Gary Gilkeson, MD

Gary Gilkeson, MD
Associate Dean, Faculty Affairs
Professor, Microbiology and Immunology
 

Contact
96 Jonathan Lucas Street, Suite 912
PO Box 250637
Charleston, SC 29425
gilkeson@musc.edu

Education
MD, Southwestern Medical College

Biography and Research Interests
Dr. Gilkeson is a Professor of Medicine/Microbiology and Immunology and an Associate Dean for Faculty Affairs and Faculty Development.  Dr. Gilkeson is board certified in Internal Medicine with a sub-specialty of Rheumatology.  He is Chair of the Medical Advisory Board for the Lupus Foundation of America and on their Board of Directors.  Dr. Gilkeson’s research focuses on disparities in morbidity and mortality in African Americans with lupus.  His group is performing genetic/environmental assessments of factors leading to lupus and its complications.  This work has led to his work in Sierra Leone.

Project Involvement

Bo, Sierra Leone
The current dogma is that there is very little lupus in West Africa, the ancestral home of African Americans in whom lupus is a prevalent disease.  The Gullah population in South Carolina is known to have ancestral and cultural ties to the people of Sierra Leone.  Dr. Gilkeson is assessing the prevalence of lupus in Bo, Sierra Leone in comparison to the Gullah population on the Sea Islands of South Carolina. Gilkeson’s team, in their trips to Bo, obtained biologic samples (serum/DNA) from young women in Bo to assess autoantibody prevalence and their immunogenetics compared to controls in South Carolina and Georgia.  They are also obtaining soil and water samples to assess for environmental contaminants.   This research fits into the bigger picture of genes versus environmental triggers in lupus. 

Nanjing, China
Dr. Gilkeson is part of an MUSC partnership with the Nanjing Drum Tower Hospital collaborating with Dr. Linyung Sun to assess the efficacy of mesenchymal stem cell transplantation as a treatment for lupus.  Dr. Gilkeson has visited Nanjing three times and Dr. Sun has been to MUSC multiple times as part of this collaboration.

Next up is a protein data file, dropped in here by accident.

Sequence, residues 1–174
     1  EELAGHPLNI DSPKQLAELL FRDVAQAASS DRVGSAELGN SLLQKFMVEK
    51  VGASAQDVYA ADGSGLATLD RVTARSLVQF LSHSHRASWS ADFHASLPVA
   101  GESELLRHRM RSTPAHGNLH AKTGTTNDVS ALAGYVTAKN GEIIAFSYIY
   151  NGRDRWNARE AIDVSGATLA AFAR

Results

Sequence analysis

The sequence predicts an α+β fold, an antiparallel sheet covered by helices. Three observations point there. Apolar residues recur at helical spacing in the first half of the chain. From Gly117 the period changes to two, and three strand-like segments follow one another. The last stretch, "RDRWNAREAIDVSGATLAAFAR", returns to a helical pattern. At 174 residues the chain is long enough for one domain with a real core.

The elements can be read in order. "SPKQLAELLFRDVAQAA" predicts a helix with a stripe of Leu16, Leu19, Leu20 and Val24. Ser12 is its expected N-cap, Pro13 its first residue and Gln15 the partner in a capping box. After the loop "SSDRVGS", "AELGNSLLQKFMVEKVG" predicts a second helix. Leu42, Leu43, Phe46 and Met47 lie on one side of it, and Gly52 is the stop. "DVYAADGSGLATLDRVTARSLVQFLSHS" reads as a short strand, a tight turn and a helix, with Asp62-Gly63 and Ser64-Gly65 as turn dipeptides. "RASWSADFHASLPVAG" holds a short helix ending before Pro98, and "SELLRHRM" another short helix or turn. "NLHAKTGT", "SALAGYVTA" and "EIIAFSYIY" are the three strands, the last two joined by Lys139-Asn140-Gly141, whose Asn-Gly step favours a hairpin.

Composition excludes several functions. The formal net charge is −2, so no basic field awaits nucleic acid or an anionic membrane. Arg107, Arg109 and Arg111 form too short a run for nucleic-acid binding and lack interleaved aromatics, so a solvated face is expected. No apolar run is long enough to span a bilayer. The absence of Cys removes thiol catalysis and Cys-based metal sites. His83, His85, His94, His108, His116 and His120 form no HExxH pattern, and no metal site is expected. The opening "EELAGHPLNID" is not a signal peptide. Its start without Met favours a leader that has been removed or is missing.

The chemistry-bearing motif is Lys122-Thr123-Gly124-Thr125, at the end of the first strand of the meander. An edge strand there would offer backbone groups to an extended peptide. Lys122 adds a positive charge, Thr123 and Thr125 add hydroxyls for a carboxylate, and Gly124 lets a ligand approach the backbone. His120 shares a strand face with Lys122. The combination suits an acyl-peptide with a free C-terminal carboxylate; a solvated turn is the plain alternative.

Related Media

Selected Publications

  1. Allogeneic mesenchymal stem cell transplantation in severe and refractory systemic lupus erythematosus: 4 years experience. Wang D, Zhang H, Liang J, Li X, Feng X, Wang H, Hua B, Liu B, Lu L, Gilkeson GS, Silver RM, Chen W, Shi S, Sun L.Cell Transplant. 2012 Oct 31. [Epub ahead of print]PMID:23127470
  2. Fine mapping of Xq28: both MECP2 and IRAK1 contribute to risk for systemic lupus erythematosus in multiple ancestral groups. Kaufman KM, Zhao J, Kelly JA, Hughes T, Adler A, Sanchez E, Ojwang JO, Langefeld CD, Ziegler JT, Williams AH, Comeau ME, Marion MC, Glenn SB, Cantor RM, Grossman JM, Hahn BH, Song YW, Yu CY, James JA, Guthridge JM, Brown EE, Alarcón GS, Kimberly RP, Edberg JC, Ramsey-Goldman R, Petri MA, Reveille JD, Vilá LM, Anaya JM, Boackle SA, Stevens AM, Freedman BI, Criswell LA, Pons-Estel BA; on behalf of the Argentine Collaborative Group, Lee JH, Lee JS, Chang DM, Scofield RH, Gilkeson GS, Merrill JT, Niewold TB, Vyse TJ, Bae SC, Alarcón-Riquelme ME; on behalf of the BIOLUPUS network, Jacob CO, Sivils KM, Gaffney PM, Harley JB, Sawalha AH, Tsao BP.Ann Rheum Dis. 2012 Aug 24. [Epub ahead of print]PMID:22904263
  3. Gene expression profile reveals abnormalities of multiple signaling pathways in mesenchymal stem cell derived from patients with systemic lupus erythematosus. Tang Y, Ma X, Zhang H, Gu Z, Hou Y, Gilkeson GS, Lu L, Zeng X, Sun L.Clin Dev Immunol. 2012;2012:826182. doi: 10.1155/2012/826182. Epub 2012 Aug 27.PMID: 22966240